• The Nassau stuff is great as it is not only a beautiful location but it also  introduces us to our two other key players: Bond Girl for the evening Domino (Claudine Auger) and Felix Leiter (Rik van Nutter).  Leiter's role is more or less just to be Bond's yes man but Auger is spectacularly attractive and considering her voice was dubbed, Auger does fine with the acting side of things.  She and Connery have good chemistry (though to be fair, the man is so magnetic you almost have to be dead to not do well in a scene with him).
  • The connection with Largo and Domino is a rather convenient plot device but it works well enough.
  • The casino stuff with Bond screwing with Largo is great.  I always enjoy seeing Bond poking and prodding at the bad guy, it always makes for a good show.  We get even more of this when Bond visits Largo at his house.
  • Another thing I enjoy about the middle of the film (along with the rest of it) is how the plot just unfolds at a leisurely pace, letting the audience luxuriate in it.  That's what I've always loved about the series, especially seeing an entry in the theater for the first time.  It's sometimes fun to just sit back in your seat and let the film wash over you.  Skyfall, Casino Royale and Goldeneye do this, as does Octopussy.  No shock that those are my favorites.
  • I also enjoy Martine Beswick as Bond's assistant Paula.  She's not in much of the film, but she does look great.
  • I enjoy Philip Locke as Vargas, one of Largo's henchmen.  His death is one of the best moments in the film.
  • The parade sequence with Bond evading Fiona and her goons is a nice bit of action.  I especially like the music used, Barry always did well with action scenes.
  • Fiona's death is nicely done, I also find it rather amusing how after she's shot, the bad guys sort of lose interest in chasing Bond down.
  • I love the way the bad guys covered up the location of the downed plane with a tarp.  Setting it down in shark infested waters was another nice touch.
  • Bond finally getting Domino on his side is done very well.  This is probably Sean Connery's best overall performance as Bond.  He's cool throughout, even when telling Domino Largo killed her brother.  In a nice bit of subtle acting, Bond's hand shakes a little when he hands her her brother's dog tags and watch.  Connery also puts on a pair of sunglasses, a nice little bit of business that gives the indestructible 007 a bit of humanity.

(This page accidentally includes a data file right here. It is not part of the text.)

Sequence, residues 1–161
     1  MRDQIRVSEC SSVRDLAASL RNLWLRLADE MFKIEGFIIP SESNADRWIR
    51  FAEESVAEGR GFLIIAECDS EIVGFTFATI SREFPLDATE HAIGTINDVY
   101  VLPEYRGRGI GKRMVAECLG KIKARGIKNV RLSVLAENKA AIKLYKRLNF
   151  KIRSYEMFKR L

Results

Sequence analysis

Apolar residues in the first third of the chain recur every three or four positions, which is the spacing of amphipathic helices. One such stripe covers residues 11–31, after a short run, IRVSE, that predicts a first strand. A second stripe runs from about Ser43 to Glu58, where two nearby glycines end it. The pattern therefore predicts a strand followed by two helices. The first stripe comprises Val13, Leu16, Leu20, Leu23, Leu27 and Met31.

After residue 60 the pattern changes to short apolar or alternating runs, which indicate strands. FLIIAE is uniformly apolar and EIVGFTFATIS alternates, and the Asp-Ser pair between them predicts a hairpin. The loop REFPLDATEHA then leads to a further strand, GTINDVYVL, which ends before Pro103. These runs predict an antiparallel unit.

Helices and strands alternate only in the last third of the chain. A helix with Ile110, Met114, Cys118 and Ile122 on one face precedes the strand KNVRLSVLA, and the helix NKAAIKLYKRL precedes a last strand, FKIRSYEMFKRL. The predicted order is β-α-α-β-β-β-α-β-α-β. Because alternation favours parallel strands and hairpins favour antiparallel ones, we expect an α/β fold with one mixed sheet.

• Contrast that with The World is Not Enough where the film basically bashed us in the head with the whole "Bond is also human" angle.
  • Sure the beat that follows this nice bit of acting is Bond shooting Vargas dead with a harpoon gun as he sneaks up on them but that's just part of what makes the film cool.
  • The thing that really stood out for me once I got this film on VHS and later on DVD) was just how damn brutal it is!  I had mostly seen the film in a cut down for TV version on ABC and boy did they ever chop the hell out of it.  The fights underwater have quite a bit of blood, the scene where Largo tortures Domino after catching her spying on him is completely gone and the overall tone of the film is quite choppy in that version.
  • The biggest change is the underwater showdown between SPECTRE and I guess the Navy.  I'd love to see another army vs. army sequence at the end of a Bond film, it's been quite a while since we've had one.
  • As for this one, It's quite brutal, set to John Barry's thunderous action theme and is a real highlight.  I especially love Bond leaping into the fray after it's been going on for a bit and absolutely slaughtering SPECTRE.  I can only imagine the cheers this must have gotten during the film's theatrical run.